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Lanesborough Voters Reject Police/Ambulance Station
By Sabrina Damms, iBerkshires Staff
08:37PM / Thursday, March 09, 2023
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Lanesborough voters rejected plans for a public safety complex on Thursday.

Voters line up to enter the elementary school at Thursday's special town meeting.
LANESBOROUGH, Mass. — Voters shot down a proposed $5.9 million public safety complex 139-214 on Thursday.
They did approve nine other articles on the warrant, including accepting $150,000 from the Baker Hill Road District to purchase the land where the police and ambulance station would have been located. 
Police Station Steering Committee Chair Kristen Tool said the land is contingent on the public safety complex being sited there. If the purchase goes through, the town can't do anything else with the land, the former Skyline Country Club's driving range.
The committee spent a year working on the plans presented to the town. What's next? 
"That is a very good question, because this is the building that we need and now that the taxpayers voted it down, it's only going to become more expensive," said Tool. "So I don't think people realize what that no vote meant. It meant that all of us are going to be paying more taxes for this building. So, it's going to be more expensive."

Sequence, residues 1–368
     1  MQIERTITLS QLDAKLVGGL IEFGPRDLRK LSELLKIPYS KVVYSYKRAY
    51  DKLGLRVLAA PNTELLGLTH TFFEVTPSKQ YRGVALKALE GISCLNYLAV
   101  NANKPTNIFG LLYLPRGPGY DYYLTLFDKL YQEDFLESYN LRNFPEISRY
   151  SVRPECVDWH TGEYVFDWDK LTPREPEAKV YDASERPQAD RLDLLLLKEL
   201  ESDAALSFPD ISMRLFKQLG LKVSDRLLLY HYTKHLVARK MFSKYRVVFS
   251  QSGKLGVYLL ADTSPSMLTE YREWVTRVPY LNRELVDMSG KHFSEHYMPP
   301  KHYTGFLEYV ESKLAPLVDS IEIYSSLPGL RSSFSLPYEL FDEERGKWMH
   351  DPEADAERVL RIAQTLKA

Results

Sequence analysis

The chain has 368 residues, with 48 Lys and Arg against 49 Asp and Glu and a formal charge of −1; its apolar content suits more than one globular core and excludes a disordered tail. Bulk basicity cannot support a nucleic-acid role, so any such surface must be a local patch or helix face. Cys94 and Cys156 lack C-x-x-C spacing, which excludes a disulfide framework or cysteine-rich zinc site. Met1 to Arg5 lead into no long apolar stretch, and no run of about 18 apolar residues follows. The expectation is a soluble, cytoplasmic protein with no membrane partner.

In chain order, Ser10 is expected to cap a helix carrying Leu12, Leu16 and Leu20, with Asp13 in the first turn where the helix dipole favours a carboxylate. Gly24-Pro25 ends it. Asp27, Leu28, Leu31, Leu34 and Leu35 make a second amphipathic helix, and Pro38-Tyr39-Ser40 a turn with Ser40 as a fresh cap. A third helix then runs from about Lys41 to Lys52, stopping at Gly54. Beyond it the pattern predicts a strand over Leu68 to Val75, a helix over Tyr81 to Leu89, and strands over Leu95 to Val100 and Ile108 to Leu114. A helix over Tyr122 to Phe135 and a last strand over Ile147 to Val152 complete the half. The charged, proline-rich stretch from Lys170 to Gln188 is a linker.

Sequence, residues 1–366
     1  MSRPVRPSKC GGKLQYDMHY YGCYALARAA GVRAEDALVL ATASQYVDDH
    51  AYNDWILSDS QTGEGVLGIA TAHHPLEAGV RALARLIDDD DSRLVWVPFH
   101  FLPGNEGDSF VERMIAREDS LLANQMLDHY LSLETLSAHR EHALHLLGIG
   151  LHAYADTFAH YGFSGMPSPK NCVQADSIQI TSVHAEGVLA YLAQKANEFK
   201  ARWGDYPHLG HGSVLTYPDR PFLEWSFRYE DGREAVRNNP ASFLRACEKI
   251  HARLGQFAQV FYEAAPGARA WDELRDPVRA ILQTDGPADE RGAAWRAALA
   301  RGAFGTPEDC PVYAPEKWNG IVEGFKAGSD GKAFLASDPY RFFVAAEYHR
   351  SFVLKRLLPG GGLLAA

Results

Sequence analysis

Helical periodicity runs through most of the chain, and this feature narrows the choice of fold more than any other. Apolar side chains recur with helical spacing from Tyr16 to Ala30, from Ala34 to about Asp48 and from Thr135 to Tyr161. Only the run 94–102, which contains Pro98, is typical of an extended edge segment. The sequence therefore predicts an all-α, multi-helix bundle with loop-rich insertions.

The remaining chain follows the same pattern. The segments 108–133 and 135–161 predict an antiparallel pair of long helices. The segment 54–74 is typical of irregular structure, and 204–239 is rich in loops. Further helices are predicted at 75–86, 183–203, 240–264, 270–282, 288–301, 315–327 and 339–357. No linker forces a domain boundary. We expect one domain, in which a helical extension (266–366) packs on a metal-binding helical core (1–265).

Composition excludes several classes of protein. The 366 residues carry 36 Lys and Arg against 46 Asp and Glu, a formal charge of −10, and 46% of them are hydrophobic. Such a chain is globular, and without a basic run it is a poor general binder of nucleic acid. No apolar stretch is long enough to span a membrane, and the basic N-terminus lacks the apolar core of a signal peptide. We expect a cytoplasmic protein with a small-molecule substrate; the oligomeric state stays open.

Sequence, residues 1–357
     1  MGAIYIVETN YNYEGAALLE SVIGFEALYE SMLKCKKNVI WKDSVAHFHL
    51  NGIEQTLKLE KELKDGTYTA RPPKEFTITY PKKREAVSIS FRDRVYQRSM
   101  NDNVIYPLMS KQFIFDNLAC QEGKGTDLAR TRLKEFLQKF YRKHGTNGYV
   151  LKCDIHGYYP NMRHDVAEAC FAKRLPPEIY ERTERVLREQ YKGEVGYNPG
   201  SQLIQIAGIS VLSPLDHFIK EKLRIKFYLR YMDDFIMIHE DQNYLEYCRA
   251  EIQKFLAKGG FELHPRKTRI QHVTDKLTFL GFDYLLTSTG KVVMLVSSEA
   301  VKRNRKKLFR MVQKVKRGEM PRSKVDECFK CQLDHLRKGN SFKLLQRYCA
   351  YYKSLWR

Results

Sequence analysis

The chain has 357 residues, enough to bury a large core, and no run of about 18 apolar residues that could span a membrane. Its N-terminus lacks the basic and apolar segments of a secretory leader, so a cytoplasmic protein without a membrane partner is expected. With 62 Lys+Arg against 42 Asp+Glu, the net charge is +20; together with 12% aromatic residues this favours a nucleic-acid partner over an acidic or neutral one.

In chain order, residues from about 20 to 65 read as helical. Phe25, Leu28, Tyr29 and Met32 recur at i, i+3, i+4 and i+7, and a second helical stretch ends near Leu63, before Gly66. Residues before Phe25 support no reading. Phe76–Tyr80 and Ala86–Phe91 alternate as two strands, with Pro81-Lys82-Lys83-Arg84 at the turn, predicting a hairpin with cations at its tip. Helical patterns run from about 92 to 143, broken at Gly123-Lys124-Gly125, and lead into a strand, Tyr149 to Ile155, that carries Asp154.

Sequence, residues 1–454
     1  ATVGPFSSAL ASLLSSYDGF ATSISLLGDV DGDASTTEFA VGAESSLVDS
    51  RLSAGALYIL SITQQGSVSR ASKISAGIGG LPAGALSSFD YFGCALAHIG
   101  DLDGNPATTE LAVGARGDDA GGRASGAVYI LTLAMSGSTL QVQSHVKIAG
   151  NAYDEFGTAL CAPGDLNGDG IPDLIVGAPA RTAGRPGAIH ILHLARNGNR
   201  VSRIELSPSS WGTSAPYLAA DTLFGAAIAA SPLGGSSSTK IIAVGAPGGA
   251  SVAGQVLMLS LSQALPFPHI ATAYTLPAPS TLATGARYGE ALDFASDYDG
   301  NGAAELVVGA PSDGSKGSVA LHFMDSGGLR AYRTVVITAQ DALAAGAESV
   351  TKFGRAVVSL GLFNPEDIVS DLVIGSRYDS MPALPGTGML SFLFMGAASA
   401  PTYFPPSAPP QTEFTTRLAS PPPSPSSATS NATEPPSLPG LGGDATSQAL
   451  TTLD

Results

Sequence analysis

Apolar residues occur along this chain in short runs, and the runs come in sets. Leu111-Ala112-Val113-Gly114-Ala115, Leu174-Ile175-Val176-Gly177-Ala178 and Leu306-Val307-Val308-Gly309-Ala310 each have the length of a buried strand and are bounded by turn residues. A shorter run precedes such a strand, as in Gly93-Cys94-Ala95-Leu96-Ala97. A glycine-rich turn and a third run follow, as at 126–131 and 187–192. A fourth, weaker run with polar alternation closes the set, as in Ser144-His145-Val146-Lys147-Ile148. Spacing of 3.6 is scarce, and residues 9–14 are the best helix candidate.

More than 350 voters attended the special town meeting at the elementary school, filling the parking lot and overflowing onto the street. 
The 6 p.m. meeting started 45 minutes late as voters shuffled into the school to debate the 10 articles on the warrant.
"It's democracy in action," Town Administrator Gina Dario said. 
So many voters attended that town officials had to find an alternative way for them to place their votes because they ran out of the remote control voting devices, known as "clickers."
Voters with clickers submitted their vote and then held them in the air to prevent double voting while the rest raised their hands to vote for nine of the articles. 
The vote on the public safety building, Article 4, was conducted by using the clicker submissions and secret ballot. 
The moderator was unable to attend the meeting so the special town meeting voted to have Rob Riley fill in for the evening. 
During the hour-long discussion, voters passionately voiced their opinions on the building project. 
Those against the article expressed that the cost of the project would put a strain on residents, especially those in low-income areas. 
One Finance Committee member said she is "extremely concerned about the economic strata within our small community."
More than a third of the town's nearly 3,000 residents are older than 60 and could be on fixed incomes, she said, and 44.6 percent of the town's pupils qualify for free or reduced lunch. 
"We are not a rich community and the long-term effects of this size of the building I'm extremely concerned about," she said.